Even before Egyptian civilization arose out of the jungle swamps of the Nile delta, Mesopotamian civilization had emerged from the delta marshes of the Tigris and Euphrates, today Iraq. The Mesopotamians were not only concerned with flood control and irrigation but also with urban water supply and the creation of water highways for there boots and barges. Both the Euphrates and Tigris are unpredictability and vary a lot, a major problem. The Nile is much more stable and the coming of the floods and high can be predicted. The Mesopotamians developed and build a system of canals, dikes, reservoirs more complex than most people do imagine. At 3000BC, every major Mesopotamian city was the centre of a canal network reaching to the outermost limits of the city’s authority. The most famous man-made waterway in ancient Mesopotamia was the 400 foot wide Nahrwan Canal, used for irrigation.
Did run parallel too the Tigris for more than 200 miles. Another famous canal was 30 miles long and used to supply the capital of Nineveh with fresh water. To cross a wide gully a great aqueduct was needed and took two million stone blocks to build. Mesopotamia is a big river delta and rocks and stone are rare and have to brought in and cut in a quarry. The people in Mesopotamia use clay to produce bricks for building purposes while the Egyptian used stone for the more important buildings.
The lifecycle of stones is much longer than the tingles used in Mesopotamia.
Climate; in between 30,000 and 15000, the climate in the Persian Gulf, Arabia and Africa varied including the rainfall.
From 15,000 B.C., rainfall diminished drastically. Faced with increasing aridity, the Paleolithic (nomadic) population moved north along the Tigris and Euphrates, westward toward the moist Mediterranean coast, south to the Nile.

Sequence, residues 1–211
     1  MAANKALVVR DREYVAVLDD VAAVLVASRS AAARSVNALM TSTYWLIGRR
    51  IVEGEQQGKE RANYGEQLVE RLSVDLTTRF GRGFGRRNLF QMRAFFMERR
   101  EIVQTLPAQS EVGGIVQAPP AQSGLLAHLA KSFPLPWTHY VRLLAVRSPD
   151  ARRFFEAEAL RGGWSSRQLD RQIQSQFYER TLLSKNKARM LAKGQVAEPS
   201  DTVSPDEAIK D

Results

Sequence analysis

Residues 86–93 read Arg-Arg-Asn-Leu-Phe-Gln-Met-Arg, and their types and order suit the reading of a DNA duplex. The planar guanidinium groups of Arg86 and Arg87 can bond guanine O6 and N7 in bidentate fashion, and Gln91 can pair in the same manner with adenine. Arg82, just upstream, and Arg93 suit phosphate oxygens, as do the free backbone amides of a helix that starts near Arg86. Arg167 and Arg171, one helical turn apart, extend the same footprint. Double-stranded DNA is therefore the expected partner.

Between 6000 to 5000 B.C., came a period called the Neolithic Wet Phase when rains returned to the Gulf region. The reaches of eastern and northeastern Saudi Arabia and southwestern Iran became green and fertile again. Foraging populations came back, and there was rainfall on the intervening plains.
Sumerians, Ubains, Atlanteans
The appearance of technically more advanced humans who knew how to breed and raise animals, which made distinctive pottery, inclined to cluster in settled groups, now called the Ubaid. They are the founders of the oldest of the southern Mesopotamian cities, Eridu, about 5000 B.C. Though Eridu,
and other cities like Ur and Uruk. The Ubaidian presence can be traced to the coast of Kuwait and Saudi Arabia, moving (migrating) down the coast into the river valleys . Proven by their settlements, graves and distinctive pottery which turned up? The islands of Bahrain and Failaka developed into a major trading post, the Hong Kong of Arabia, "a rich hub of international trade, with ships coming and going between Mesopotamia the Indus Valley civilization, China and Atlantis.
"The origin of the Ubaid & Sumerians; a broad-headed people, were physically and linguistically quite different from the indigenous population and one of the great unsolved mysteries of history. A civilization emerging fully developed without the long, painful process of evolution like all the others. The sudden urban settlement of southern Mesopotamia by a people from overseas who brought with them the necessary skills and political organization to control in such a region."
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